What You Need to Know about Drones & Inspections

What You Need to Know about Drones & Inspections

Inspection Notification

As soon as you receive a phone call from the insurance company’s inspection service, be sure to return their call right away to set up the inspection. If they cannot get in touch with you, they can and will cancel your coverage if the requested inspection does not take place.  This notification will go to you directly and it is your responsibility to make your home available.  


Each carrier has their own process for conducting an inspection.  You may be subject to a Drone inspection without notice where aerial photos of the exterior of your property will be taken.  Alternatively, there may be an exterior inspection where photos are taken outside of your home.  They may also contact you to conduct an interior inspection, usually in the case of older or higher value homes. 

Inspections will likely be looking at your gutters, roof, siding, other structures including fences, garages, decks, ADUs, chimney, windows and doors and the landscaping.  If inside, they will check your major systems: plumbing, HVAC and electrical, they will look at the walls and ceilings for cracks, leaks and mold.  They will also examine your safety devices, including fire and burglar alarms, automatic water shut-off device, carbon monoxide detectors, and fire extinguishers.

Inspection Reports

Inspections can seem like a nuisance or intrusive but they are of great value to you as  they provide valuable information on replacement cost of the dwelling/building.  Please tell us when you receive a completed inspection report so that we can review and ensure coverage limits match what is recommended in the report.  Alternatively, an inspection report may determine that a non-renewal or cancellation is being taken by the carrier.  Again, please notify the agency upon recipt of report so that we can begin remarketing your policy ASAP.  

General Maintenance/ Pre-Inspection

It is important that the home is well maintained with needed maintenance projects completed along with updates to major utility systems inside and out.  It is important to remember that insurance companies are making decisions based on the characteristics of 1,000’s of homes and not just yours.  Your 25-year old roof may be in excellent condition and your electrical (knob & tube) may be confirmed by contractor to be in good condition but explanations like these are not sufficient and would result in cancellation if not addressed.  Insurance companies are expecting that the home be updated to current safety standards.   

  • Roof/Skylights – Check your roof and skylights and remove branches, leaves, and other plant debris while looking for loose or damaged roof tiles.  Also check your interior ceilings for signs of leaks.  Consider replacing roof as soon as possible if approaching end of life (often varies from 10 – 25 years).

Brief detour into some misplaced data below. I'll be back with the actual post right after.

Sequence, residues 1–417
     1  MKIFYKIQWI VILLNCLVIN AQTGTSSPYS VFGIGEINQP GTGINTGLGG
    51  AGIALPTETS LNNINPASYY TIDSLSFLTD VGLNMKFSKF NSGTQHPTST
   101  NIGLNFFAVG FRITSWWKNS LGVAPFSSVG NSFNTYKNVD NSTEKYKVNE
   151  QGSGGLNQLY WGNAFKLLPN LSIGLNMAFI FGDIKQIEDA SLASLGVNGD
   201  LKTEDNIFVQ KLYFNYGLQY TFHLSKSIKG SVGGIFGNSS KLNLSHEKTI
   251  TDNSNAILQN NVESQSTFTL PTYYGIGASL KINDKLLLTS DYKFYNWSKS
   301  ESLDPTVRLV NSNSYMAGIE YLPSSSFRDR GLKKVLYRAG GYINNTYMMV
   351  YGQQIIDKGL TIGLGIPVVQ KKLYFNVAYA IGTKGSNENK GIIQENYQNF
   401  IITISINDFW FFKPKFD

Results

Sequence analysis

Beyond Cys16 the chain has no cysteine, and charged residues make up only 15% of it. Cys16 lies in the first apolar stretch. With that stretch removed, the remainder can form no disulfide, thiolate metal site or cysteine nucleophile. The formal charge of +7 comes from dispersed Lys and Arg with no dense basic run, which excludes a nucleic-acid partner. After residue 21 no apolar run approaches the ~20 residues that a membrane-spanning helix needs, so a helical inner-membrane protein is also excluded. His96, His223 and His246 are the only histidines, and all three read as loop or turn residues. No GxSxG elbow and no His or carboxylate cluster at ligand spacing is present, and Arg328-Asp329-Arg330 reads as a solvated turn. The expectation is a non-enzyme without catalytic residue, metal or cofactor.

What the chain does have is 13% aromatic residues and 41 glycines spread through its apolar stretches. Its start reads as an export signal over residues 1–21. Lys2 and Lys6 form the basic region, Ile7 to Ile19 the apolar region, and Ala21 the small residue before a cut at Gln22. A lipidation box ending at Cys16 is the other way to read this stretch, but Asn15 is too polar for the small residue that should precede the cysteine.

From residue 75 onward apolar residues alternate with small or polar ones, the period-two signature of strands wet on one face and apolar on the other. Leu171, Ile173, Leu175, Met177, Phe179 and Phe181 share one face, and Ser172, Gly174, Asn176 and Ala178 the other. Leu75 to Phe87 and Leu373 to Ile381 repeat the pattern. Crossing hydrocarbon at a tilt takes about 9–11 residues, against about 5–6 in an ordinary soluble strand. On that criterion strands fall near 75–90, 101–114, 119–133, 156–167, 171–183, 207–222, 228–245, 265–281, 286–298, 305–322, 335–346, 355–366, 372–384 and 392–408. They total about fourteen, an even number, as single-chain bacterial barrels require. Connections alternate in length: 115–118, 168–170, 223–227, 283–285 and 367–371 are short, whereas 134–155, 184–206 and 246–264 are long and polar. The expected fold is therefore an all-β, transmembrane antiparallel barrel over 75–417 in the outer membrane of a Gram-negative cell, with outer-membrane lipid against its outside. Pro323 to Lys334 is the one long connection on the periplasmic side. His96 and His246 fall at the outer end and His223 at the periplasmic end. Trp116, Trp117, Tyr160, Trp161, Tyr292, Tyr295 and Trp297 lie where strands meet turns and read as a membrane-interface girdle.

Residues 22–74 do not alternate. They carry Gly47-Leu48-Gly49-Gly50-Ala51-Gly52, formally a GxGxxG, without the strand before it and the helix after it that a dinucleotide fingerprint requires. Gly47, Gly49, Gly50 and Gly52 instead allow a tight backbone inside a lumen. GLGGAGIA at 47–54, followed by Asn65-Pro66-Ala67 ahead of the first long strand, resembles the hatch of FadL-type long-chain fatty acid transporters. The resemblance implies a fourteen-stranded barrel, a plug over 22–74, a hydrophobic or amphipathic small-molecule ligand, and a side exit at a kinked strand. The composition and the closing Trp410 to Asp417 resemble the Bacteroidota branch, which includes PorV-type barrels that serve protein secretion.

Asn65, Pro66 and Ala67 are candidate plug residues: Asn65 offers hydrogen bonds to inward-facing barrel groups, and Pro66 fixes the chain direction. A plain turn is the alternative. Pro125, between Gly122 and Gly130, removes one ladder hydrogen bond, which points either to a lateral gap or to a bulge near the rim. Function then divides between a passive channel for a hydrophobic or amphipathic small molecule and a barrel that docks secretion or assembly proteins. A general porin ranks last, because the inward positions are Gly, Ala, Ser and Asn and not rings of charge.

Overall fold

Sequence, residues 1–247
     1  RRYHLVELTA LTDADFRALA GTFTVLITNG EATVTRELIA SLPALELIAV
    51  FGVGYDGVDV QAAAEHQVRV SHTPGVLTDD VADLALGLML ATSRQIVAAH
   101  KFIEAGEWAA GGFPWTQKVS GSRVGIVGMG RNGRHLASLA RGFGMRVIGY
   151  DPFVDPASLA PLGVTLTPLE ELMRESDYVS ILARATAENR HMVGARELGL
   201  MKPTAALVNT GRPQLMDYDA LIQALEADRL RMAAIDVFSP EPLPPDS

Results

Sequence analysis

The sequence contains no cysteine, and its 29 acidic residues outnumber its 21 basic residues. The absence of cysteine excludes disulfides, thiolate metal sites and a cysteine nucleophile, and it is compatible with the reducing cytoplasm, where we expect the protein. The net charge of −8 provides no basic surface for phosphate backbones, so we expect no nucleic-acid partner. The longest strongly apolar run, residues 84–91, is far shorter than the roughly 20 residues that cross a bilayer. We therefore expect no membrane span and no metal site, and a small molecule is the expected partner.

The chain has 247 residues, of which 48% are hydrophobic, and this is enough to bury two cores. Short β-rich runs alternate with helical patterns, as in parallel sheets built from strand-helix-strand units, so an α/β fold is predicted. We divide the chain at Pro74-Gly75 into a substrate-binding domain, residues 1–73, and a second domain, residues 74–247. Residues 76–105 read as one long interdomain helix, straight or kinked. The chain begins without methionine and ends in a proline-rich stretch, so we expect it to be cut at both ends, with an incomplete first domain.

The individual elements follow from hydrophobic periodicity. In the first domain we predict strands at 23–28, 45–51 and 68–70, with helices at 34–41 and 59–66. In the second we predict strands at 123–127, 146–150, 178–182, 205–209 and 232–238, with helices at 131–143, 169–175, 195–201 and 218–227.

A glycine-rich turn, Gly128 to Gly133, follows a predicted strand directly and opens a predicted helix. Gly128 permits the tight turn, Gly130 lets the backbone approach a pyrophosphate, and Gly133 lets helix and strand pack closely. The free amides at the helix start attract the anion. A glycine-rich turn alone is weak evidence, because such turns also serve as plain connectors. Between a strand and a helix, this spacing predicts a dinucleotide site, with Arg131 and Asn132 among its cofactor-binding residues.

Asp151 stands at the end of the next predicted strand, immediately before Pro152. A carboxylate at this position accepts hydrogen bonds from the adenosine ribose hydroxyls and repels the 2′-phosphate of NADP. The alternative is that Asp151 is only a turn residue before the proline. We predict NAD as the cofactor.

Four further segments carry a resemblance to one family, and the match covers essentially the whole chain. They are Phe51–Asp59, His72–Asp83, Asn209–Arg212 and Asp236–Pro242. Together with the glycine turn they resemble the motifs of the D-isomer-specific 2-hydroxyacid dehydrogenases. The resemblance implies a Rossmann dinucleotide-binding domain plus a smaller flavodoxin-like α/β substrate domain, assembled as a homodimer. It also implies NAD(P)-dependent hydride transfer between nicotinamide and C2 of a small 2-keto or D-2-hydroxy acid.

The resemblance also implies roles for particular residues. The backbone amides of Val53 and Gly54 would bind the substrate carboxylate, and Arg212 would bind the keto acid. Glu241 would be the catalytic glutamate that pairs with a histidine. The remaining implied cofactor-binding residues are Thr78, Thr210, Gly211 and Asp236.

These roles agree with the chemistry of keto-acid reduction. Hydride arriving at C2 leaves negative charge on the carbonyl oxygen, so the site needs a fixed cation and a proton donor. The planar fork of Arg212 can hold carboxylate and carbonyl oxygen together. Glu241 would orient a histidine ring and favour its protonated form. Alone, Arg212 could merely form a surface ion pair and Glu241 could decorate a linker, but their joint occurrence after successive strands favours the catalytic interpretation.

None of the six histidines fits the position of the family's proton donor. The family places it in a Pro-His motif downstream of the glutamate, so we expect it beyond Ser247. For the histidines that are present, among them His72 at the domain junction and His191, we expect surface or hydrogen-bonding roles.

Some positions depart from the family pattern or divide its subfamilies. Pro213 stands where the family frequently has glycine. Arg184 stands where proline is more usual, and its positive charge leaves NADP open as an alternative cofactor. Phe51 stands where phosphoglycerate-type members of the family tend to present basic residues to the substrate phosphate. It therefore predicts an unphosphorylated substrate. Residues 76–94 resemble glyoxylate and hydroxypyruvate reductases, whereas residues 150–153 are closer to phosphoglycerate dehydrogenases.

• Gutters/Downspouts – These should also be cleaned out and checked to make sure they are securely attached to your home.
  • Trees & Plants – Keep these pruned and trimmed on a regular basis and away from your home, other structures and utility lines.  Keep an eye out for damage and rot.  Dead trees should be removed.  Once your yard work has been completed, clean up the debris.  Contact your local refuse company to learn more about yard waste pick-ups.
  • Walkways & Driveways – Repair any cracks and uneven surfaces to prevent your family and guests from tripping/falling.  Park your car in your garage and use your driveway – no vehicles/boats should be parked in your yard.
  • Stairwells and decks should be securely fastened in place with railings and up to code to prevent someone from falling or climbing on railings. 
  • For completed work, be sure to hold on to receipts and permits to provide to your insurance carrier to show you have made these updates.  Other proof of updates may include a comprehensive new home inspection report (not a real estate home appraisal), licensed contractor inspection listing the structure, electrical, plumbing, heating and roof condition, and photos relfecting the systems have been updated. 

More Resources

The California Department of Forestry and Fire Protection has great resources on Defensible Space and has put together a helpful Homeowners Checklist for you at https://www.readyforwildfire.org/wp-content/uploads/Homeowners-Checklist.pdf​ on how to make your home fire safe. 

Alameda County Permit Portal: Alameda County Permit Portal (acgov.org)

City of Berkeley Building Permits: Building Permits | City of Berkeley (berkeleyca.gov)

Contra Costa County Permit Portal: https://epermits.cccounty.us/CitizenAccess/APO/APOLookup.aspx?TabName=APO

More questions?  Email us at info@fidelityinsuranceservice.com